Youth @ General Synod' joyfully opens in Long Beach

Youth @ General Synod' joyfully opens in Long Beach

June 26, 2013
Written by Barb Powell

“Once again you are the ones to open General Synod for the entire church!”

With these words, Waltrina Middleton, the UCC’s minister for youth advocacy and leadership formation, kicked off “Youth@General Synod” in Hall C of the Long Beach Convention Center. A loud cheer from the 200 youth erupted in response to Middleton’s observation.

“Living the Aloha Spirit” was the theme for this first day, described by Middleton as a perfect representation of the UCC’s core value of extravagant welcome. Beginning with a traditional Hawai’ian oli (chant) led by Welina Tong, a Hawai’i Conference youth delegate, attendees learned the real meaning of “aloha.”

“The thing about aloha is you have to give it in order to get it,” said Hawai’i Conference Minister the Rev. Charles Buck, challenging the youth to spend their time at General Synod sharing aloha with everyone they meet.

The Rev. David Schoen, who heads up the Congregational Vitality and Discipleship Ministry, agreed. He told the youth he attended his first General Synod in 1965, when he was just 13 years old. That year, the Rev. Martin Luther King Jr. was the speaker.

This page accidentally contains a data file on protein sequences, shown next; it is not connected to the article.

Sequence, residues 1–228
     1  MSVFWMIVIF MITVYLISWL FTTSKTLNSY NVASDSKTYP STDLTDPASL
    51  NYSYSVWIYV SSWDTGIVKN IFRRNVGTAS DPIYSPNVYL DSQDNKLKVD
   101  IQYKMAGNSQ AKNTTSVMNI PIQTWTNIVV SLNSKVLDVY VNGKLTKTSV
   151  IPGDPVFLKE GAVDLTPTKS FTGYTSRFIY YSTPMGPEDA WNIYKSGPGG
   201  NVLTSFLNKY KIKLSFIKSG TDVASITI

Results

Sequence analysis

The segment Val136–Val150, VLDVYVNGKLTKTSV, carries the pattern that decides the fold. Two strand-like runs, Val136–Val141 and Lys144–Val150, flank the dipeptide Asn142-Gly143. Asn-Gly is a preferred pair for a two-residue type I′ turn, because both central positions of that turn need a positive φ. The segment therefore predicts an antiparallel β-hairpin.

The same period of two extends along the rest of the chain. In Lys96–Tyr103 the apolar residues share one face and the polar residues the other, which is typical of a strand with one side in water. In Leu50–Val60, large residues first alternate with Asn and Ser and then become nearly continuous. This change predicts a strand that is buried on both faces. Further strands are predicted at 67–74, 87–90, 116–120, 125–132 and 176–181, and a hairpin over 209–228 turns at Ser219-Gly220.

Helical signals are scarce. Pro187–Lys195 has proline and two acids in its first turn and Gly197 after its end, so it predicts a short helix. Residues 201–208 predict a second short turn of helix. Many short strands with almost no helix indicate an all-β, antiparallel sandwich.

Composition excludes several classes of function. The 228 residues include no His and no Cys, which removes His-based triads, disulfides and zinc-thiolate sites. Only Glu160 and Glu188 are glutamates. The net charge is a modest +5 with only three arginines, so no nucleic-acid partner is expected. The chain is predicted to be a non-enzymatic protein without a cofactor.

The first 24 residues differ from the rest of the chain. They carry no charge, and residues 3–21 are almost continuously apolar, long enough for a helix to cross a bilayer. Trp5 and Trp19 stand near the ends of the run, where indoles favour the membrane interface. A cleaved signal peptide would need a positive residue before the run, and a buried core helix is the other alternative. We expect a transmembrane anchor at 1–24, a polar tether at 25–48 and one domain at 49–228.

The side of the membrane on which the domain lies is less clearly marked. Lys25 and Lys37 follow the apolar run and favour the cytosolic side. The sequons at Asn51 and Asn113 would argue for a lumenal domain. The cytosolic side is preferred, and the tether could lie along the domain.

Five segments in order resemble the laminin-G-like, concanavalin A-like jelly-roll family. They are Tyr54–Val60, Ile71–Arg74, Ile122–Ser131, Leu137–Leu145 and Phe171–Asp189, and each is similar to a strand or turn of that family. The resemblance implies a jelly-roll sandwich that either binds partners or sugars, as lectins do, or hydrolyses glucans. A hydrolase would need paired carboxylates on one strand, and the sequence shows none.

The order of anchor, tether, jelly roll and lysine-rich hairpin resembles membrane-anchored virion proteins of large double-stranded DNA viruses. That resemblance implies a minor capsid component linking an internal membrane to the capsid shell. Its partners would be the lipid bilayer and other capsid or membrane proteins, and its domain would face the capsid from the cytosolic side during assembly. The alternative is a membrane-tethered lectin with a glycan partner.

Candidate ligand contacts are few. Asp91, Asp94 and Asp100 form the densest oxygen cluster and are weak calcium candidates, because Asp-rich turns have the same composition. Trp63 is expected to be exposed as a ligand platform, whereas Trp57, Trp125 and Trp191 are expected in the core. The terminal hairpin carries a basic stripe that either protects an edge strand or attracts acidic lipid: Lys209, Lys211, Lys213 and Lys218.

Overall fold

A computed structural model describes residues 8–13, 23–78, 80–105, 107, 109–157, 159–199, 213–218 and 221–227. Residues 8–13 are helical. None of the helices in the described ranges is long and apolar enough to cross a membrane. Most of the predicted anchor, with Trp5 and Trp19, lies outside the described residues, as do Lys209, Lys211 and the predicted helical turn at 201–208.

“For a kid from a small rural town in southern Illinois, it was a life forming and transforming experience,” said Schoen. 

He reminded the youth that through the years he has seen the UCC confront difficult issues: racial equality; gender equality; and now, marriage equality.

“God’s vision abounds and surrounds here,” he said. “Your task this week is to spread aloha — to see where God’s vision is present, catch the vision and spread it.”

The youth continued their lesson in aloha with two special activities.

The first was the making of kukui nut lei, which was led by Ken Makuakane, one of the planners for the event and program associate for church vitality for the Hawai’i Conference.

The second was a hula lesson, taught by Randy Chang, a Kumu Hula of the southern California-based Hula Halau Kaulana Ka Hale Kula O Na Pua O Ka ‘Aina. Chang and his assistant, Angie Chuman, taught the youth a hula to the song, “You’re Welcome Here,” written by members of Montebello (Calif.) Plymouth Congregational Church. 

“It’s so awesome to be able to share aloha with other cultures and ethnicities,” said delegate Tong.

The first day concluded with a Movie Luau and Glow Party at the beach.

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